Using Primary Sources to Reveal Failure in Mass Communication History:
Samuel Insull’s Failed Radio Networks
By Michael J. Socolow, University of Maine
Teaching the Article: Ideas and Exercises
I first discovered Insull’s attempts to build national radio networks while conducting research on CBS and NBC at the Library of American Broadcasting at the University of Maryland. That Library holds the WENR-KYW Station Collection, with archival materials from two of Chicago’s earliest and most important radio stations. I examined materials from that collection in order to learn more about how the early American radio networks built relationships with local affiliated stations around the United States. WENR, in the late 1920s, was owned by the Great Lakes Broadcasting Company, one of the many subsidiary corporations within the famous Insull utilities empire. It was in the WENR files that I discovered a fascinating report compiled by station employee Paul McCluer in the summer of 1929. McCluer travelled around the country to interview executives at several important local stations. The purpose of McCluer’s trip was explained in a brief preface added to the report a few years later:
It should be noted that the reason WENR executives were discussing a “fourth network” was because NBC, at the time, operated two different networks – the Red and the Blue Network – and CBS comprised the “third” network.
The report provided details unavailable elsewhere in the historical record. Sensing that any corporation tied to Insull would be more generous than CBS and NBC, local station executives candidly shared their economic data and discussed their unhappiness with their national partners. McCluer discovered that CBS and NBC were exploiting local stations by selling their best time slots (usually in the evening) to national advertisers while offering only minimal payment in return. McCluer’s report includes actual revenue figures illustrating the uneven financial arrangement – data that is almost impossible to obtain elsewhere.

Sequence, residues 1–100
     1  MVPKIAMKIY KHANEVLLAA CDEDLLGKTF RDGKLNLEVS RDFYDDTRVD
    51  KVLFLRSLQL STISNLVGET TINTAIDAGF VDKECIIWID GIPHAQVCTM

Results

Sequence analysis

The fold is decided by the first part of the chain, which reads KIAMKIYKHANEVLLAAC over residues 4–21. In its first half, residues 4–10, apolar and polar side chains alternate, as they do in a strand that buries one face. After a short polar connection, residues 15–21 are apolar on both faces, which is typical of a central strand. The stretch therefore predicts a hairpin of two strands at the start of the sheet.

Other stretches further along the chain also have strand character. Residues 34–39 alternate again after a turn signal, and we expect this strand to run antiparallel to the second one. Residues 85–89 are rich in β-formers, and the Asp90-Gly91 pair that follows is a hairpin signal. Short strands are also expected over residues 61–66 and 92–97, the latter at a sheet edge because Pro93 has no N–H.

For this reason, I called the report “perhaps the most illuminating examination of the early relationship between American networks and local stations.” McCluer concluded that local stations would not welcome yet another national entity selling their most valuable commodity – airtime – and that any fourth network opportunity would likely be rejected. Soon thereafter the stock market collapsed and Insull’s corporate empire crumbled. So ended his first attempt to build a national radio network.
The Insull story then took a turn for the dramatic. Because over 600,000 Americans held worthless stock certificates in his companies, Insull’s name became synonymous with rapacious capitalism. He fled to Europe in disgrace, only to be returned to the United States to face criminal indictment for fraud and other charges. After being acquitted by a jury, Insull set out to rebuild his reputation as a business genius. He turned, once again, to radio broadcasting and the idea of building a new national network. CBS and NBC proved to be two of the most successful companies in terms of revenue and growth during the dismal economic years of the Depression, and it appeared – by 1936 – that there was room on the airwaves for a new competitor.
In 1936, however, Insull lacked sufficient capital to build a network with his own funds. He needed investors. He decided to leverage his celebrity to entice bankers and other financial partners to support his new venture. Unlike his first attempt, which was largely done in secret, Insull’s second attempt left numerous press reports that proved useful as primary sources for my article. Here, for instance, is a typical profile of the new business, published in Radio Mirror magazine: